A HINDOO was lying upon his bed, expecting soon to die. He was full of thought where his soul would go after death. A priest came to see him, and the dying man said, “What will become of me?” “Oh,” said the priest, "you will live in another body." “And where shall I go then ?

“ Into another, and so on through thousands of millions.” The thoughts of the dying man darted across all that period, as if it was but an instant, and he cried, “ Where shall I go last of all ?” The priest could not reply, and the unhappy idolater died with no one neac him to answer bis anxious question.

A little Burman girl was near dying. Lifting her dim eyes to a kind lady who was her teacher, she said, “I am dying, but I am not afraid to die ; for Christ will call me up to heaven. He has taken away all my sins, and I wish to die now, that I may go and see him. I love Jesus more than any one else."

What made the difference between the little Burman girl and the dying Hindoo ? One had heard the gospel from the lips of the missionaries, and had received it into her heart : the other lived and died an idolater, for none had told him of “the only true God and Jesus Christ whom he has sent.”—Juvenile Missionary Herald.

“ALWAYS SOMETHING TO BE DONE." When the missionary Elliott was very old, and almost dying, he was found one day by a friend trying to teach a young Indian his alphabet. His friend said: " It's time for you to leave off now."

“No,” said he, “there's always something to be done."

This is the sort of spirit that is wanted. We could not well be too young, and we could never be too old to engage in such a work.

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THE CLOCK OF LIFE.

My pulse is the clock of my life ;

It shows me my moments are flying;
It marks the departure of time,

And tells me how fast I am dying.

MISSIONARY NEW S.

“Thy Kingdom Come.”

Marash, Turkey in Asia. This place is indeed a missionary wonder, Twelve years ago there was not a Protestant here; and the people were proverbially ignorant, barbarons, and fanatical. Six years ago the Evangelical Armenian Church was organized, with sixteen members. The congregation at that time consisted of 120.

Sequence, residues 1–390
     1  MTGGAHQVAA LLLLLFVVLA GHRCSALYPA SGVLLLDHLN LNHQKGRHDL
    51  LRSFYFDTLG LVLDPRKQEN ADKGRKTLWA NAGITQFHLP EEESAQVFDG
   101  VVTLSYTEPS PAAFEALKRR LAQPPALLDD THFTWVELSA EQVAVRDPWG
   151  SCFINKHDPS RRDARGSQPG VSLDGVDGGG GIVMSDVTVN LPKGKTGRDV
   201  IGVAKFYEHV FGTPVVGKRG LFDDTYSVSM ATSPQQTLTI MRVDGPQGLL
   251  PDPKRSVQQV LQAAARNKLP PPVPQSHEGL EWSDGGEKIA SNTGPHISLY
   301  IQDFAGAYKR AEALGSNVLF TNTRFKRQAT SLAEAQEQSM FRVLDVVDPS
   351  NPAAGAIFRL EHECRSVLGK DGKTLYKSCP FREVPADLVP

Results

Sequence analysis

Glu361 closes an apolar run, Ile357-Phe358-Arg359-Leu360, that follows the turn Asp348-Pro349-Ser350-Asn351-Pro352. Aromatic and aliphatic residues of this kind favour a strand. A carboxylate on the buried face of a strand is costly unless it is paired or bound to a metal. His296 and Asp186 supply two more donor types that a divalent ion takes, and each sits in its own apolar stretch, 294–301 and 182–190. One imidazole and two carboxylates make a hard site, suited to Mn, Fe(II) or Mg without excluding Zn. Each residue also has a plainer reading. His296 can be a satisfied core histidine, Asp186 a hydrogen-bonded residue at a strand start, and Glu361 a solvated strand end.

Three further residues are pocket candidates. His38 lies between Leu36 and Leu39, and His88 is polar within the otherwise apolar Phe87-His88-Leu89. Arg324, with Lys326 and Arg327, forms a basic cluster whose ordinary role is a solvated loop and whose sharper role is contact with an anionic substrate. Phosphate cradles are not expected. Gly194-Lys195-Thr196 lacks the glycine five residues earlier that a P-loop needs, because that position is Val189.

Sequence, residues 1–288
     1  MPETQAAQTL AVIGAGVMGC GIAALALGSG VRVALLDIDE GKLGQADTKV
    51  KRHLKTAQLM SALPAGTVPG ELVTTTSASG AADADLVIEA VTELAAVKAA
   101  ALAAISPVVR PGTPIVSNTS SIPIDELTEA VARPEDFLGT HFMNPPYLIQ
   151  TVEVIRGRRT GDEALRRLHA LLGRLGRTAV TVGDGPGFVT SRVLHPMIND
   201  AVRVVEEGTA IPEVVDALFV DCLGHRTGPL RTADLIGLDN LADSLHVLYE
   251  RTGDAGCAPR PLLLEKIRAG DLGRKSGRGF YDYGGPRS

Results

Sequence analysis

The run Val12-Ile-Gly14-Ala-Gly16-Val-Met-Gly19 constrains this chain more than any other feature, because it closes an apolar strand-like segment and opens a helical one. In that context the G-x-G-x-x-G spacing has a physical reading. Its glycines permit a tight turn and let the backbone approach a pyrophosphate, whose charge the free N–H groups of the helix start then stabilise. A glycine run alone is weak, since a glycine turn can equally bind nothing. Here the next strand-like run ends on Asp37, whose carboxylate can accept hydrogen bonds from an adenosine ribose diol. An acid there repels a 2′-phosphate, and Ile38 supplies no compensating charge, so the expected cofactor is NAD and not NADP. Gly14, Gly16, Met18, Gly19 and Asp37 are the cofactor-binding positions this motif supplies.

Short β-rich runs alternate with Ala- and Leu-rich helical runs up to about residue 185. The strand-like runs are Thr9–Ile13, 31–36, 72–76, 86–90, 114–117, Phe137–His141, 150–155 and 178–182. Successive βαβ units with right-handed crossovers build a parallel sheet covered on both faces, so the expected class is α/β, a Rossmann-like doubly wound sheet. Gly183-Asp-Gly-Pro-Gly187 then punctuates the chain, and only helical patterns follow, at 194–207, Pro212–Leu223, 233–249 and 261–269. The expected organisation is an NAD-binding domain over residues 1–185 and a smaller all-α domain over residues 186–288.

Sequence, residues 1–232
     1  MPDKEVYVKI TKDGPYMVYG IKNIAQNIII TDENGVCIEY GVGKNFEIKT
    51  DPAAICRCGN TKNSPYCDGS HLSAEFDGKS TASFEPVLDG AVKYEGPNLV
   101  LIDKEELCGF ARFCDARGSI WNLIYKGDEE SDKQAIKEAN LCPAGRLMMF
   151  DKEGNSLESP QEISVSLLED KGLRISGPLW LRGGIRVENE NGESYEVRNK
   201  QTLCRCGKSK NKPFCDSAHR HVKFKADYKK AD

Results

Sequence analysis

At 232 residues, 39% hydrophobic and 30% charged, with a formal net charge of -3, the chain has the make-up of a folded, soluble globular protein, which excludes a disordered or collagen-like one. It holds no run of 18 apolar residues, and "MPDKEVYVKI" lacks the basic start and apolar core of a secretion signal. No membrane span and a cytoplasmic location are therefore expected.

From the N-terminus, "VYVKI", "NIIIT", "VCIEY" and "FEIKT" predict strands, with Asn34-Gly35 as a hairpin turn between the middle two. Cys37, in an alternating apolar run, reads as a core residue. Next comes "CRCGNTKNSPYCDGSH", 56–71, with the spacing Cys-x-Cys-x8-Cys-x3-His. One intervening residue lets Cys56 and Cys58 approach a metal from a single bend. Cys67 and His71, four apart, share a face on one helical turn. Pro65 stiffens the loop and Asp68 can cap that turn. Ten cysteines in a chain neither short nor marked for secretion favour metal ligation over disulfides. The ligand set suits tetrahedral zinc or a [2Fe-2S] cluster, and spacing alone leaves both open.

On the last Sabbath, I preached to a congregation of over a thousand ; and in the afternoon, at the communion, I addressed nearly or quite fifteen hundred people, when forty new members were admitted to the church, making the whole present number 227! Nearly one hundred of these have been added since Mr. White came here, two years ago. Previous to the late communion, one hundred und sixteen persons were examined, but only forty were admitted to the church. One old woman, of seventy-five years, was admitted, who was converted only four months ago. She was previously an ignorant and bigoted opposer and persecutor; but now she seemed completely full of the love of Christ. Her emotions almost overpowered her on approaching the table of the Lord. When I saw the tears freely rolling down her furrowed cheeks, and heard her half-suppressed sobs, I wished that our dear friends could all see the sight.

“ One thing struck me in the Marash native brethren, namely, that their thoughts are far more upon the spiritual than the temporal. The burden of conversation